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Moll Flanders - Defoe D.

Defoe D. Moll Flanders - Publishers Global, 1722 . - 151 p.
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However, that wish was not hearty neither, for I loved my Lancashire husband entirely, as indeed I had ever done from the beginning; and he merited from me as much as it was possible for a man to do; but that by the way.
The next morning my son came to visit me again almost as soon as I was up. After a little discourse, he first of all pulled out a deerskin bag, and gave it me, with five–and–fifty Spanish pistoles in it, and told me that was to supply my expenses from England, for though it was not his business to inquire, yet he ought to think I did not bring a great deal of money out with me, it not being usual to bring much money into that country. Then he pulled out his grandmother's will, and read it over to me, whereby it appeared that she had left a small plantation, as he called it, on York River, that is, where my mother lived, to me, with the stock of servants and cattle upon it, and given it in trust to this son of mine for my use, whenever he should hear of my being alive, and to my heirs, if I had any children, and in default of heirs, to whomsoever I should by will dispose of it; but gave the income of it, till I should be heard of, or found, to my said son; and if I should not be living, then it was to him, and his heirs.
This plantation, though remote from him, he said he did not let out, but managed it by a head–clerk (steward), as he did another that was his father's, that lay hard by it, and went over himself three or four times a year to look after it. I asked him what he thought the plantation might be worth. He said, if I would let it out, he would give me about #60 a year for it; but if I would live on it, then it would be worth much more, and, he believed, would bring me in about #150 a year. But seeing I was likely either to settle on the other side of the bay, or might perhaps have a mind to go back to England again, if I would let him be my steward he would manage it for me, as he had done for himself, and that he believed he should be able to send me as much tobacco to England from it as would yield me about #100 a year, sometimes more.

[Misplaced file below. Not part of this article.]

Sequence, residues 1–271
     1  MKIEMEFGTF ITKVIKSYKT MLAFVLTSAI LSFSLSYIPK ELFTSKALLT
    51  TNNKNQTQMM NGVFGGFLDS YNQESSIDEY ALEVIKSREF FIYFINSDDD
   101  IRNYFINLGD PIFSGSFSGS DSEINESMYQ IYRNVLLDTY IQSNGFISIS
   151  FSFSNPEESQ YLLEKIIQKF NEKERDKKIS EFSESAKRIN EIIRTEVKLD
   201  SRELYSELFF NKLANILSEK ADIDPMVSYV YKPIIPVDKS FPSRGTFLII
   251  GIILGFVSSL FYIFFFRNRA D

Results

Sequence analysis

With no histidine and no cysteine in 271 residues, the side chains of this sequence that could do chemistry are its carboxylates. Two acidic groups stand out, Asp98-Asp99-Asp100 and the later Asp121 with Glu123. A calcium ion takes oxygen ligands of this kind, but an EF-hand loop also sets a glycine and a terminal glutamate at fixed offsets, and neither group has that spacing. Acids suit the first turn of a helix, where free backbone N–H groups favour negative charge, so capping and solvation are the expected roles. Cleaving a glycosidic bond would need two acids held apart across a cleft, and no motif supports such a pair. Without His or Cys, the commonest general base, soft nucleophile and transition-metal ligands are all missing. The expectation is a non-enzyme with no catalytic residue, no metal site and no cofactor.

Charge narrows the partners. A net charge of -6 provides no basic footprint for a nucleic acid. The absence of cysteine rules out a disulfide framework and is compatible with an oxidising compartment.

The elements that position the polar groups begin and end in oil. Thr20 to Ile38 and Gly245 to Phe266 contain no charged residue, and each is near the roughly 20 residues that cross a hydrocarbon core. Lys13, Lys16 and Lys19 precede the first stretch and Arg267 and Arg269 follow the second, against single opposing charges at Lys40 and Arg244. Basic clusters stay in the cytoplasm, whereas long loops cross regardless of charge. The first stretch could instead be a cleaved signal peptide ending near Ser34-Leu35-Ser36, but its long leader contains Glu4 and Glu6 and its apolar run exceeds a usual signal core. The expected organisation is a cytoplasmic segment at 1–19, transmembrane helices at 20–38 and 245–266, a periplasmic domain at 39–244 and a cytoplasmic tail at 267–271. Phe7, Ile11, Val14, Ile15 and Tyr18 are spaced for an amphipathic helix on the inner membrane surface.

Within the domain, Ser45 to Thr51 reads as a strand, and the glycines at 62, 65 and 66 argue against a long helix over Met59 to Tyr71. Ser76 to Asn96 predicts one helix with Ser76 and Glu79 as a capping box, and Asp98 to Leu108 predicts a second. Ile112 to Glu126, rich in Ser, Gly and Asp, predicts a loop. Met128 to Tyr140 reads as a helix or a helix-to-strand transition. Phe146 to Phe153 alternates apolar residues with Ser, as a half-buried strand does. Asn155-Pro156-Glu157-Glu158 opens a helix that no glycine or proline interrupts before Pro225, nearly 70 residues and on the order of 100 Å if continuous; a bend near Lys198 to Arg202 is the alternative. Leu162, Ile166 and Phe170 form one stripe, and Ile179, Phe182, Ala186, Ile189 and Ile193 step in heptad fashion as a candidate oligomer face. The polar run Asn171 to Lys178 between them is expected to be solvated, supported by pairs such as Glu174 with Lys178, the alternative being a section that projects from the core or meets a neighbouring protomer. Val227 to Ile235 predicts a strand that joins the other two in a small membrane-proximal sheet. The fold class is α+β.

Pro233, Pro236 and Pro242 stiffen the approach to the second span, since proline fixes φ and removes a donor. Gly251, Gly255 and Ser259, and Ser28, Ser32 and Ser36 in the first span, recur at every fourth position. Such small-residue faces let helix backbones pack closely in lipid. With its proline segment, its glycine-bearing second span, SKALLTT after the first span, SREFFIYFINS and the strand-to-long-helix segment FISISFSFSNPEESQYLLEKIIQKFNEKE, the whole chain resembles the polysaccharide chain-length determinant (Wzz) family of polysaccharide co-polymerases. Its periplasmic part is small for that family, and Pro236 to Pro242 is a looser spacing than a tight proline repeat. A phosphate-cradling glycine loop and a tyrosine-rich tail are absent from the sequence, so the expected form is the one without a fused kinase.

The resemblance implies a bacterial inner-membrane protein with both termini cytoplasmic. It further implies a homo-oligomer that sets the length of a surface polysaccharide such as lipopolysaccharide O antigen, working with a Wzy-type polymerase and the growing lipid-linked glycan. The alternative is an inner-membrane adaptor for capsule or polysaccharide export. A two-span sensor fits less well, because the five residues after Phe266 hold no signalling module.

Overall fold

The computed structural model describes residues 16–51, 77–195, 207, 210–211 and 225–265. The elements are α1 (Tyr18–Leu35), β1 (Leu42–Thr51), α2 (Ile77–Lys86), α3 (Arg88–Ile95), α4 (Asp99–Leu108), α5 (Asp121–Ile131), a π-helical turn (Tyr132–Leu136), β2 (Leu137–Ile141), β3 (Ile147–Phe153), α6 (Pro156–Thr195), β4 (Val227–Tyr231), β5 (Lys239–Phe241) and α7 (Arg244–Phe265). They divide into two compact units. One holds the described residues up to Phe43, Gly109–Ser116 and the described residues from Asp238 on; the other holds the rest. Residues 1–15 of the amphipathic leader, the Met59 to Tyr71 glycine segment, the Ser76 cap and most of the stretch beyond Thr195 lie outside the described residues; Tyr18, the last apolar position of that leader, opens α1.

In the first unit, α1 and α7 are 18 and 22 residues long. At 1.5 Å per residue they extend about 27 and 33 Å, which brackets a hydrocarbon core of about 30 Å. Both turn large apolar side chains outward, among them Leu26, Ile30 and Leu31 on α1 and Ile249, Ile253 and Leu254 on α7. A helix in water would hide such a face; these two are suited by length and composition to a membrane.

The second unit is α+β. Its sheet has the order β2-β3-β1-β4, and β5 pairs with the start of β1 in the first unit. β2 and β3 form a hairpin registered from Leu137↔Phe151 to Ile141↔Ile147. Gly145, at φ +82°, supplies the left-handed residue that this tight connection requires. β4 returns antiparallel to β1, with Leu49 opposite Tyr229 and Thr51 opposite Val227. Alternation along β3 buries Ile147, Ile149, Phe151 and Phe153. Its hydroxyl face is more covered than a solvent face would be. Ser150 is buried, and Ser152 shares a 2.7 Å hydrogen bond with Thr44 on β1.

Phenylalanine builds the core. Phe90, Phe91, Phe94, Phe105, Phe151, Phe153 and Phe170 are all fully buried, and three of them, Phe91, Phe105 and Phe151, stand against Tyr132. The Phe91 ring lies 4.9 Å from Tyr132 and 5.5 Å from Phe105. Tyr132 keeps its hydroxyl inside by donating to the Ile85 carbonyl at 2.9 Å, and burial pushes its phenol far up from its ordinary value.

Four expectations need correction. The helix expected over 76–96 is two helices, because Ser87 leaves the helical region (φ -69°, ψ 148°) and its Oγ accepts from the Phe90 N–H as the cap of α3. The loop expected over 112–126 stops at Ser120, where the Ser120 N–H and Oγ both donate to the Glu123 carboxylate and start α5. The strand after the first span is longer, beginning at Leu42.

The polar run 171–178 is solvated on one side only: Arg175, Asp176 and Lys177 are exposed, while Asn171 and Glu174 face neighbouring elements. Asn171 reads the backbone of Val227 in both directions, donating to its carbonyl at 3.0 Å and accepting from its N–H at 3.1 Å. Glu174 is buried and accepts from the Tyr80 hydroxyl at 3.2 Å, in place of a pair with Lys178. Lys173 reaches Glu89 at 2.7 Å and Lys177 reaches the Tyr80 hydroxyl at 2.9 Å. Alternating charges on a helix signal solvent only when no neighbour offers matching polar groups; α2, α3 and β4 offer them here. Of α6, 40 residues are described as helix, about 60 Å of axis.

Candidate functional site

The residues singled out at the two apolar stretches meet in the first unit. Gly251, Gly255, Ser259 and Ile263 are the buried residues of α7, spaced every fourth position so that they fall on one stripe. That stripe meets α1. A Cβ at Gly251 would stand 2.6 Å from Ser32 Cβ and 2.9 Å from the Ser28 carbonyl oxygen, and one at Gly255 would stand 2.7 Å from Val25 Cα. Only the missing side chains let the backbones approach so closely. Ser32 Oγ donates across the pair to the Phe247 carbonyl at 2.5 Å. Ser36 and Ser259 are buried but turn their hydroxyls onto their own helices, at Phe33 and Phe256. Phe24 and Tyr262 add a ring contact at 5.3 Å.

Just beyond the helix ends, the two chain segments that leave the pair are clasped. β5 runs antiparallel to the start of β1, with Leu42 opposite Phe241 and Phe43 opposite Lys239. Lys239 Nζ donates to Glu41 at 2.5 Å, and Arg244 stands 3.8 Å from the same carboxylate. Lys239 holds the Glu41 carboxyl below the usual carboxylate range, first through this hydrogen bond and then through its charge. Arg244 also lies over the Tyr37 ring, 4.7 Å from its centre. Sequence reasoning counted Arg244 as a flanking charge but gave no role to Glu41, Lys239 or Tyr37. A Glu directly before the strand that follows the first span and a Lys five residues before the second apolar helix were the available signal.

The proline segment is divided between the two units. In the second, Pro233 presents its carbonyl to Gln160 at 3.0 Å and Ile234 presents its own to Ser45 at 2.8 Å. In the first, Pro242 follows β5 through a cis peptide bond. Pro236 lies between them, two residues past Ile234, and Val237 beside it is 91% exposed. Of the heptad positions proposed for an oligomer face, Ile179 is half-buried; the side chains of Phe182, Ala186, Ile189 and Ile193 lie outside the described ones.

This was all strange news to me, and things I had not been used to; and really my heart began to look up more seriously than I think it ever did before, and to look with great thankfulness to the hand of Providence, which had done such wonders for me, who had been myself the greatest wonder of wickedness perhaps that had been suffered to live in the world. And I must again observe, that not on this occasion only, but even on all other occasions of thankfulness, my past wicked and abominable life never looked so monstrous to me, and I never so completely abhorred it, and reproached myself with it, as when I had a sense upon me of Providence doing good to me, while I had been making those vile returns on my part.
But I leave the reader to improve these thoughts, as no doubt they will see cause, and I go on to the fact. My son's tender carriage and kind offers fetched tears from me, almost all the while he talked with me. Indeed, I could scarce discourse with him but in the intervals of my passion; however, at length I began, and expressing myself with wonder at my being so happy to have the trust of what I had left, put into the hands of my own child, I told him, that as to the inheritance of it, I had no child but him in the world, and was now past having any if I should marry, and therefore would desire him to get a writing drawn, which I was ready to execute, by which I would, after me, give it wholly to him and to his heirs. And in the meantime, smiling, I asked him what made him continue a bachelor so long. His answer was kind and ready, that Virginia did not yield any great plenty of wives, and that since I talked of going back to England, I should send him a wife from London.
This was the substance of our first day's conversation, the pleasantest day that ever passed over my head in my life, and which gave me the truest satisfaction. He came every day after this, and spent a great part of his time with me, and carried me about to several of his friends' houses, where I was entertained with great respect. Also I dined several times at his own house, when he took care always to see his half–dead father so out of the way that I never saw him, or he me. I made him one present, and it was all I had of value, and that was one of the gold watches, of which I mentioned above, that I had two in my chest, and this I happened to have with me, and I gave it him at his third visit. I told him I had nothing of any value to bestow but that, and I desired he would now and then kiss it for my sake. I did not indeed tell him that I had stole it from a gentlewoman's side, at a meeting–house in London. That's by the way.
He stood a little while hesitating, as if doubtful whether to take it or no; but I pressed it on him, and made him accept it, and it was not much less worth than his leather pouch full of Spanish gold; no, though it were to be reckoned as if at London, whereas it was worth twice as much there, where I gave it him. At length he took it, kissed it, told me the watch should be a debt upon him that he would be paying as long as I lived.
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